Fatal Revolutions: Caribbean Natural History, Atlantic Slavery, and the Routes of Early American Literature


ACLS Fellowship Program


Literatures in English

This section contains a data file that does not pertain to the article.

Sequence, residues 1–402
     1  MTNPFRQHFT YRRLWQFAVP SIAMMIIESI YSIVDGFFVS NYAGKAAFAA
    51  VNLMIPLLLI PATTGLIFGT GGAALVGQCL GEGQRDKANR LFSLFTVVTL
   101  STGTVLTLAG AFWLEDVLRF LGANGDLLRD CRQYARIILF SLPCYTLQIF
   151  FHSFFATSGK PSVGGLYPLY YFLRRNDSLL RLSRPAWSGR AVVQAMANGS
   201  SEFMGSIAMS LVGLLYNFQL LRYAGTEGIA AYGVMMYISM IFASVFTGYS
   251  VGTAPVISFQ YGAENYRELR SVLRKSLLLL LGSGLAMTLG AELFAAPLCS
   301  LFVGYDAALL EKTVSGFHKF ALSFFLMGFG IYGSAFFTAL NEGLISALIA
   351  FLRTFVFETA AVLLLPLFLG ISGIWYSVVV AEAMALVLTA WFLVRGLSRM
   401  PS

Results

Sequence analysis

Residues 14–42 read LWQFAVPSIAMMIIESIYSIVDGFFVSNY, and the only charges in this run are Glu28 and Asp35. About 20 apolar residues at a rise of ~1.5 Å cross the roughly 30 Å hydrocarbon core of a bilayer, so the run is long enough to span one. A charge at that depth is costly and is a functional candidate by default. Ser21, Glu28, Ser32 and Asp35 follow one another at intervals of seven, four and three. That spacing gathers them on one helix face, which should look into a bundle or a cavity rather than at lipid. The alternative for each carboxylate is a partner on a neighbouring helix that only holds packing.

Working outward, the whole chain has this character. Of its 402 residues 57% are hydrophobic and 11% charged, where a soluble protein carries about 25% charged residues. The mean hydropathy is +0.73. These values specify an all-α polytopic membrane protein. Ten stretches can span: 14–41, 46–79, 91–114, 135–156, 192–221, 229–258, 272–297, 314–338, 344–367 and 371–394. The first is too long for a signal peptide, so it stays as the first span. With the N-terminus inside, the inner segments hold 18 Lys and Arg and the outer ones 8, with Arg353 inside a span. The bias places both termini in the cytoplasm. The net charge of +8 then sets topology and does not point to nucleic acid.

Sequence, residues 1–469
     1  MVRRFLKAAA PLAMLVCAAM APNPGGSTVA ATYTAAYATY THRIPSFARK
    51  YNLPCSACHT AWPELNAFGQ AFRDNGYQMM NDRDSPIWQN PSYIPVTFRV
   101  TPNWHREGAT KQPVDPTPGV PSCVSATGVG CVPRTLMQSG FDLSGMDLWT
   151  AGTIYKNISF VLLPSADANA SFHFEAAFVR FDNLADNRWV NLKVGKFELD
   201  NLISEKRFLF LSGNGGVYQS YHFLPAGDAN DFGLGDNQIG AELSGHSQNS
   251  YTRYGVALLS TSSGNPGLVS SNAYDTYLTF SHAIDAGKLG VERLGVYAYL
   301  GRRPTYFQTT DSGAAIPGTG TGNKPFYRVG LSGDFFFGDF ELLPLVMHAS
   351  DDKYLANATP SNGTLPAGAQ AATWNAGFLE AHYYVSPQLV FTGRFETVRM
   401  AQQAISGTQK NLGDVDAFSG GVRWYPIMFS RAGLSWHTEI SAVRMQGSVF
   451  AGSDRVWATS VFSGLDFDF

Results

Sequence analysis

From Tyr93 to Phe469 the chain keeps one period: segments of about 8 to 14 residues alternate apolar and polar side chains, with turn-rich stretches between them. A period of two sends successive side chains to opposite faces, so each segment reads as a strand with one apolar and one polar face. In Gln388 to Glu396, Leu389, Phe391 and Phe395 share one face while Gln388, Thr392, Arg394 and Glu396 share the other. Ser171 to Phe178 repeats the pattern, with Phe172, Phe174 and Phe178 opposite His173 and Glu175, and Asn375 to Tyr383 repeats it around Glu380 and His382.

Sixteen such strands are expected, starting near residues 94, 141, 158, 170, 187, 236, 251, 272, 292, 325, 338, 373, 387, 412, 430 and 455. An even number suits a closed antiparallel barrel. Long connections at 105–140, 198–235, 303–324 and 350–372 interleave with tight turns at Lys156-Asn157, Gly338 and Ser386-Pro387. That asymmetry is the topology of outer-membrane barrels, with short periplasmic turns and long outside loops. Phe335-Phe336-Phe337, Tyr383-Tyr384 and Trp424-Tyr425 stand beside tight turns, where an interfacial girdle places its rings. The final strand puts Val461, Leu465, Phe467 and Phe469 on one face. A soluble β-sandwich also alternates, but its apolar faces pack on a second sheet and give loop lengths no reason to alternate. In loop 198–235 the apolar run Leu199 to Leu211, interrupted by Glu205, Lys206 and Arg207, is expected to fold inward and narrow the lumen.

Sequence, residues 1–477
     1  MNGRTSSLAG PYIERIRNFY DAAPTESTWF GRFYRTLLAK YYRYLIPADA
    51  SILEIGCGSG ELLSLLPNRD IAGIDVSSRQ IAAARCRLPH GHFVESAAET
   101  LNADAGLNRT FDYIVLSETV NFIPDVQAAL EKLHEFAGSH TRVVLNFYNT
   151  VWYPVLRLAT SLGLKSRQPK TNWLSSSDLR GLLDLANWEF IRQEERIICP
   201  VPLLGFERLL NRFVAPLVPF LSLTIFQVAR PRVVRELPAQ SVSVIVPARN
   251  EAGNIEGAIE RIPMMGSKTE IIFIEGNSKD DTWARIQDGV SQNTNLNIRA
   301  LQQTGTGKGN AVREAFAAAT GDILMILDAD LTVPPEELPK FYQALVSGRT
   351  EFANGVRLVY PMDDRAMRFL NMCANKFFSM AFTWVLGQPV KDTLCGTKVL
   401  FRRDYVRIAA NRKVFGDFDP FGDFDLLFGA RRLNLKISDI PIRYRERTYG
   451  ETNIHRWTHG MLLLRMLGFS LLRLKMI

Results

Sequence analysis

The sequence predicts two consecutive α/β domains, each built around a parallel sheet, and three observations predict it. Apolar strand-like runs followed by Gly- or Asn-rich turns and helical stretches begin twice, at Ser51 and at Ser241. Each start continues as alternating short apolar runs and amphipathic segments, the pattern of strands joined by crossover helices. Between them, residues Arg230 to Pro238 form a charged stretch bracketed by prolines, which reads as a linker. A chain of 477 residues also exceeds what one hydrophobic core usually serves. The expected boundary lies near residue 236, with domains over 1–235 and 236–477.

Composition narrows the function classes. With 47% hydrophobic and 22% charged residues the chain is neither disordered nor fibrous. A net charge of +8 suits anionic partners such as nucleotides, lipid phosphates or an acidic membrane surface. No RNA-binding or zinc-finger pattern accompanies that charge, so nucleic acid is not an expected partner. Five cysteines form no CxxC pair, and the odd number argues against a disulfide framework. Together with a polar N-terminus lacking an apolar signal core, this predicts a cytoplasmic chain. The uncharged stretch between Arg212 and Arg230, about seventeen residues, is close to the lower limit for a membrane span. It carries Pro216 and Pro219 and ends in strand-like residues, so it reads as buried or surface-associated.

This project pursues the complex West Indian routes of early American nature discourse. Early American writers and thinkers understood that that the material prosperity of the new nation depended on Caribbean nature. The natural environment of the Caribbean, they understood, had been transformed radically by the labor of enslaved Africans, the enterprise of Creole merchants and planters, and the new appetites of European and American consumers for exotic West Indian commodities. Through varied aesthetic means, authors as prominent as Thomas Jefferson, St. John de Crevecoeur, and John Audubon presented Caribbean nature as the source of an ardently desired yet disruptive superabundance.